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posted by janrinok on Thursday December 07 2017, @01:05AM   Printer-friendly
from the and-a-polite-discussion-ensued... dept.

Recently published in Journal of Social and Political Psychology by Thomas F. Pettigrew seeks to understand the psychological profile of Trump supporters:

The Trump movement is not singular within the United States (the Know Nothing movement in the 1850s, the Wallace movement in the 1960s, and the more recent Tea Party Movement). Moreover, other democracies have seen similar movements (e.g., Austria's Freedom Party, Belgium's Vlaams Blok, France's National Front, Germany's Alternative for Germany Party (AfD), and Britain's U.K. Independence Party (UKIP).

In virtually all these cases, the tinder especially involved male nativists and populists who were less educated than the general population. But this core was joined by other types of voters as well. Five highly interrelated characteristics stand out that are central to a social psychological analysis – authoritarianism, social dominance orientation, outgroup prejudice, the absence of intergroup contact and relative deprivation.No one factor describes Trump's supporters. But an array of factors – many of them reflecting five major social psychological phenomena can help to account for this extraordinary political event: authoritarianism, social dominance orientation, prejudice, relative deprivation, and intergroup contact.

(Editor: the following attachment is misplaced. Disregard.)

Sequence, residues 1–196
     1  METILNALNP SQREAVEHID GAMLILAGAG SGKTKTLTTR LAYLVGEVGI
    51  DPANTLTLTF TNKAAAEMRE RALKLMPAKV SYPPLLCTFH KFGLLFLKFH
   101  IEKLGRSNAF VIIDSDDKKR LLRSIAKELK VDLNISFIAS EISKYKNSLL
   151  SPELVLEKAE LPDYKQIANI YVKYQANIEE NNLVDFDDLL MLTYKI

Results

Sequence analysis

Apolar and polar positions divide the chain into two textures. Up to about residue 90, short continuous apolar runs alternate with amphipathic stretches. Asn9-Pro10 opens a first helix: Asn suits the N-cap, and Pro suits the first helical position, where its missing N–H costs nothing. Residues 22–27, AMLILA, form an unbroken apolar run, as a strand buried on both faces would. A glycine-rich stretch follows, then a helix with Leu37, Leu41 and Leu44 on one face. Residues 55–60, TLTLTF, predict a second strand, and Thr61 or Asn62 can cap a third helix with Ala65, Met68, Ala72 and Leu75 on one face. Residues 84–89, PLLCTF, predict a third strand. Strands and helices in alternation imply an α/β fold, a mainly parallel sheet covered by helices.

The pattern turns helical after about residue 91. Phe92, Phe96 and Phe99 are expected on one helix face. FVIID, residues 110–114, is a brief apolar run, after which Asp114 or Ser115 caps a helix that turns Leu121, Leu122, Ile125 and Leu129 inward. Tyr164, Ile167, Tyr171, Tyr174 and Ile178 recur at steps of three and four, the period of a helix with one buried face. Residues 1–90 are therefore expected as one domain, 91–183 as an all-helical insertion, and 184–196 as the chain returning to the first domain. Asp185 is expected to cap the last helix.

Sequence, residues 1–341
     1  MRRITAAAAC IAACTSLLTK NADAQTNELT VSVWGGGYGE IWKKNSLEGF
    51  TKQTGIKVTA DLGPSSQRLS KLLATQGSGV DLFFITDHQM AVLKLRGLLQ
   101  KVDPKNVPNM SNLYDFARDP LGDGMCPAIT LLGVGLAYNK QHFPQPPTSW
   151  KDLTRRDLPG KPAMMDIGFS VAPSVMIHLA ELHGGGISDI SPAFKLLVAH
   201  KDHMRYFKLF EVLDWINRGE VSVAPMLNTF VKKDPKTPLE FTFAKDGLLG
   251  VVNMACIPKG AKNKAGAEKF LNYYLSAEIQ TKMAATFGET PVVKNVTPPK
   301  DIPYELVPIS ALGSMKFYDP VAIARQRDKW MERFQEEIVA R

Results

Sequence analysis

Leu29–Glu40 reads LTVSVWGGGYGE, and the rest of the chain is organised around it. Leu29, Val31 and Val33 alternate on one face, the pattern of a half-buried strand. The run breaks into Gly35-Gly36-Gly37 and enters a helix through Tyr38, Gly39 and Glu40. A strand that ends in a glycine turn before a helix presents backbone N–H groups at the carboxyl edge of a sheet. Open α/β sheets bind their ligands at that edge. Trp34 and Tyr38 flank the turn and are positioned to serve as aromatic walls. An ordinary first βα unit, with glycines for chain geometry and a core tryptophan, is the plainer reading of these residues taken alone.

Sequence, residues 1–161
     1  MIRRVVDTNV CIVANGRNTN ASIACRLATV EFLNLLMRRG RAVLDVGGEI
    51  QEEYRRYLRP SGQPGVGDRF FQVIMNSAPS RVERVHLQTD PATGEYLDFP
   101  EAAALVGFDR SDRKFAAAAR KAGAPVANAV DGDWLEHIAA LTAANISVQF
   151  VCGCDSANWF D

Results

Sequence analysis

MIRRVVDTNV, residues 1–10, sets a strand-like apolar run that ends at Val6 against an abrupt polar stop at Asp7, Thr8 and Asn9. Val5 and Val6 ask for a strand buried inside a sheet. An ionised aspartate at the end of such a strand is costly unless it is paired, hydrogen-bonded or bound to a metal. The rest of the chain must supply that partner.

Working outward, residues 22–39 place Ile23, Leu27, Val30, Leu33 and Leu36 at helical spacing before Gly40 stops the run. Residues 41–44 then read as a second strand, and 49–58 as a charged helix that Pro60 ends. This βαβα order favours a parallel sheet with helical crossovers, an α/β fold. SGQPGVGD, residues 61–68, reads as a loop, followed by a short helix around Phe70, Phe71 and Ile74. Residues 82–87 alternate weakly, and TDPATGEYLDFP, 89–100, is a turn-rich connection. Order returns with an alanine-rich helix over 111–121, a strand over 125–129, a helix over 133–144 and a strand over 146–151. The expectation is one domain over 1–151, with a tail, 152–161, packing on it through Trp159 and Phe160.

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  • (Score: 1) by khallow on Saturday December 16 2017, @05:51PM

    by khallow (3766) Subscriber Badge on Saturday December 16 2017, @05:51PM (#610746) Journal

    The growing trend started around mid 2010 had a stagnation in 2016 (consistent with an election year) then continued at a rate no higher than before.

    I missed this post earlier, but I'll note that a big reason why such stalls are "consistent" with election years is because of the uncertainty that comes from the possibility of a bad choice getting elected president. You have to consider the dynamics not merely assert that shit happens. If Clinton were a perceived as a much better choice for president, then these figures wouldn't continue to climb once Trump was elected. Manufacturers would instead be looking at ways to minimize the impact, such as reducing hiring.

    While here may be something, it is also possible there's nothing. Many other factors can trigger the same. Attributing this to the Trump-factor is, at best, a hypothesis which requires validation or a simple assertion without support in reality at the worst

    Hence, the data which was supplied. That was a validation.